Para aquí para acá Jonh's Avatar
    Join Date
    Jan 2007
    Location
    La Florida
    Posts
    16,358
    Blog Entries
    15

    Default

    Depends. Is Billy in the magazine business? Is he from Kansas?

  8. #8

    Default here's who billy is:

    The marchin' band came down along Main Street
    The soldier blues fell in behind
    I looked across and there I saw Billy
    Waiting to go and join the line
    And with her head upon his shoulder
    His young and lovely fiancee
    From where I stood I saw she was cryin'
    And through her tears I heard her say

    Billy, don't be a hero, don't be a fool with your life
    Billy, don't be a hero, come back and make me your wife
    And as he started to go she said, Billy, keep your head low
    Billy, don't be a hero, come back to me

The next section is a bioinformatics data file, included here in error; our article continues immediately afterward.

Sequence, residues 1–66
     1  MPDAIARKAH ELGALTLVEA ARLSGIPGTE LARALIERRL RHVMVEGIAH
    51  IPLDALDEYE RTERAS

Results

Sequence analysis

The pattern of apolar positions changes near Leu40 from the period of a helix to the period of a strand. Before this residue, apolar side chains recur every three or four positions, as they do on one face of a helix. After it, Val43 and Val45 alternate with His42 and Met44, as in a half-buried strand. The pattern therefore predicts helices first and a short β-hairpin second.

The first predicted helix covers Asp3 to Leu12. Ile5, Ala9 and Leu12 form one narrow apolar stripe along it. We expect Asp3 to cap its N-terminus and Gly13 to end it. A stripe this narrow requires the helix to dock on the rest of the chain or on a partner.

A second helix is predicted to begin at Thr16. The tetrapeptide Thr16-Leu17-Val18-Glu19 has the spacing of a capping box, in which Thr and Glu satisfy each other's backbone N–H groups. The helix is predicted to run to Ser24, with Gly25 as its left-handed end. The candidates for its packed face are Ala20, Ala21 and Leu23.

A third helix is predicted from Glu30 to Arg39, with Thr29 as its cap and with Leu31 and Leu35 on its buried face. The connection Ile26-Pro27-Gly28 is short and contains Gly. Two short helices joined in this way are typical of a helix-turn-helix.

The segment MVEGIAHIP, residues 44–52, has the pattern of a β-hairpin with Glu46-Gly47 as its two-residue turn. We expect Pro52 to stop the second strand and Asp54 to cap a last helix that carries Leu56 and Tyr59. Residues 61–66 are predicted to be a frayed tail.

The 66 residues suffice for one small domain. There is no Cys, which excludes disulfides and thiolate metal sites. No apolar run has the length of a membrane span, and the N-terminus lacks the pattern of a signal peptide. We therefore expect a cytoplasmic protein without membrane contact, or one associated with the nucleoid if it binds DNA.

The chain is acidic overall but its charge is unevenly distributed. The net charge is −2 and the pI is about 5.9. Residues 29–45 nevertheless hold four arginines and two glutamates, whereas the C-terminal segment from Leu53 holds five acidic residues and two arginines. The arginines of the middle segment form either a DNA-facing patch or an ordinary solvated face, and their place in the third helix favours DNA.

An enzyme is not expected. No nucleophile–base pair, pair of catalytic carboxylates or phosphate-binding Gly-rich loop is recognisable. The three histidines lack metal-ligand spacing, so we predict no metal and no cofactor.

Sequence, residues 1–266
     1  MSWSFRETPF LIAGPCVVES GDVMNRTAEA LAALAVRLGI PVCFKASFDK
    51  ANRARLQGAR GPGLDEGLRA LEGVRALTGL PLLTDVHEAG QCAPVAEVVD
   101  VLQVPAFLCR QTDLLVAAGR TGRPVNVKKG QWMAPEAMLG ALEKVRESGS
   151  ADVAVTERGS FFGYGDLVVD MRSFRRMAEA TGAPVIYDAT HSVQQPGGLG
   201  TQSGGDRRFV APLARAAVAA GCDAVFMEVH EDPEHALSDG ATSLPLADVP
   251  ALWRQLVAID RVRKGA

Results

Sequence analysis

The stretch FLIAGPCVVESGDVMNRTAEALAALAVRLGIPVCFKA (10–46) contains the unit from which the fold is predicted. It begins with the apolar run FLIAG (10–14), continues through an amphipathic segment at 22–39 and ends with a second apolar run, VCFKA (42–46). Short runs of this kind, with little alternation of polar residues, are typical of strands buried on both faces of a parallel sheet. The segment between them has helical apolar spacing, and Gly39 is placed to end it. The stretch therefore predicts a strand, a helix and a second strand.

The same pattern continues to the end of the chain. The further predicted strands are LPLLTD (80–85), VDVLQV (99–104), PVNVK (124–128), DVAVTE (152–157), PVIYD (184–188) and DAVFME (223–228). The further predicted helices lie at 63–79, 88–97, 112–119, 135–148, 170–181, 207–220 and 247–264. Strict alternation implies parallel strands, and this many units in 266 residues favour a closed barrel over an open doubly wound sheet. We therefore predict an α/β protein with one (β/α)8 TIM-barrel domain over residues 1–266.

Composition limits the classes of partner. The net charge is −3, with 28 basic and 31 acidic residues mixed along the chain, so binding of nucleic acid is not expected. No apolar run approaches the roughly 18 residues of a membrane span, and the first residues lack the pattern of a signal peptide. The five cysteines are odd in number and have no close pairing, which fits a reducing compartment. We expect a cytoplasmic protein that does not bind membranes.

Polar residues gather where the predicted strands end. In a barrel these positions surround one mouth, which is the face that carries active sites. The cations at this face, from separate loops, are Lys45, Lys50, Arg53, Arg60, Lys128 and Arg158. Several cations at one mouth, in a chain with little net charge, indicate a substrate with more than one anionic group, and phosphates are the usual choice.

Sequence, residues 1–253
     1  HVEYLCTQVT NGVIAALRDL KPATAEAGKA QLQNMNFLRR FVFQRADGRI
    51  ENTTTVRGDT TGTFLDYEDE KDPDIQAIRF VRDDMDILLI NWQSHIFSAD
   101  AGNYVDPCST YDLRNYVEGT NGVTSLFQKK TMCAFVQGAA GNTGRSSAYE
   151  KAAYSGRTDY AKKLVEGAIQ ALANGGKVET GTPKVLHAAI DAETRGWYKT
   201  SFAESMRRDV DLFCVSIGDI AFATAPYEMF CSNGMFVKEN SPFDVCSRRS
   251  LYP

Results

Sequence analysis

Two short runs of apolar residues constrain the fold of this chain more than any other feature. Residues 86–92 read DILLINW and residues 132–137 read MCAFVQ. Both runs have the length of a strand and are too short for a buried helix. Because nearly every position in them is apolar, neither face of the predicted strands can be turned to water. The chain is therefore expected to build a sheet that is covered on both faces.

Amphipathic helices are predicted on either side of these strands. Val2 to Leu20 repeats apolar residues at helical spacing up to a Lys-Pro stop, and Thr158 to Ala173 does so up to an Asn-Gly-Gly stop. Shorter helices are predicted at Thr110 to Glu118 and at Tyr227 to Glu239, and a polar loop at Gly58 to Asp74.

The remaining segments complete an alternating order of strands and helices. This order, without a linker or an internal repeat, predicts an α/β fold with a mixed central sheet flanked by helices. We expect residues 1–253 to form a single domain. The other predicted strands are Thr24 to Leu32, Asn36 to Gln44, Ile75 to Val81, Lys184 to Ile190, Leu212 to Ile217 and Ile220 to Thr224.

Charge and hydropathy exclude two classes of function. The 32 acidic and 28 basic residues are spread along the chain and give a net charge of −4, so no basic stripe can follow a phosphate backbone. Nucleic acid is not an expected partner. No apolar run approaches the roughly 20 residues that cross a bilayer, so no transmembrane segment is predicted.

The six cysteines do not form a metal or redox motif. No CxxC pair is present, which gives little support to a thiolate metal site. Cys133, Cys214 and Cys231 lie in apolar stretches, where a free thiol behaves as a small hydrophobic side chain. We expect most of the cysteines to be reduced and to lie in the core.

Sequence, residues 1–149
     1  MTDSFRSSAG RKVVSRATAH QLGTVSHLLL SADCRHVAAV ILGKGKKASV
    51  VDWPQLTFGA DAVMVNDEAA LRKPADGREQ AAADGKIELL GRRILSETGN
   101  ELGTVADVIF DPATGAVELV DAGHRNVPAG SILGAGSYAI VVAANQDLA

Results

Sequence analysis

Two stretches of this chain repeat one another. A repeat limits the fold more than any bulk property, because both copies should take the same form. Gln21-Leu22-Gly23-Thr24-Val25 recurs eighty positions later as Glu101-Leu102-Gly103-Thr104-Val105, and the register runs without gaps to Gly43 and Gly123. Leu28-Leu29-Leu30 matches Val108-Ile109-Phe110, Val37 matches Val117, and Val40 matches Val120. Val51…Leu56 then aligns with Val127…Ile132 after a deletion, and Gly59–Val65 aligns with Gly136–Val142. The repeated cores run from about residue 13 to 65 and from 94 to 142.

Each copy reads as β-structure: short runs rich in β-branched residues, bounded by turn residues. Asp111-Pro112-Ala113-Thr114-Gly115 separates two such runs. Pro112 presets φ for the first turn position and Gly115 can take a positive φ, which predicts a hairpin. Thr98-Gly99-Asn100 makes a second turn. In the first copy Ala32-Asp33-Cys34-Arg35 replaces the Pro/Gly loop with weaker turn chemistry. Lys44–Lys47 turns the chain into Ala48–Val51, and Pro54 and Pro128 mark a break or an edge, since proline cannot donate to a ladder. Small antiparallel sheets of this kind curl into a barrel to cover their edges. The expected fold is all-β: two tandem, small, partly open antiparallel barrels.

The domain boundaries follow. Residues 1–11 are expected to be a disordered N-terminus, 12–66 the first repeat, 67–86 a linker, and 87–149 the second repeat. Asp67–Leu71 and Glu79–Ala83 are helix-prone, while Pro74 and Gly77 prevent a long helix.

The soldier blues were trapped on a hillside
    The battle raging all around
    The sergeant cried, We've got to hang on, boys!
    We've got to hold this piece of ground
    I need a volunteer to ride up
    And bring us back some extra men
    And Billy's hand was up in a moment
    Forgettin' all the words she said

    She said
    Billy, don't be a hero, don't be a fool with your life
    Billy, don't be a hero, come back and make me your wife
    And as he started to go she said, Billy, keep your head low
    Billy, don't be a hero, come back to me

    I heard his fiancee got a letter
    That told how Billy died that day
    The letter said that he was a hero
    She should be proud he died that way
    I heard she threw that letter away ...
    All this for a flag? Michelle Obama http://hotair.com/archives/2011/11/0...our-years-ago/

Bookmarks

Posting Permissions

  • You may not post new threads
  • You may not post replies
  • You may not post attachments
  • You may not edit your posts
  •  
Also visit the False Bluff Blog!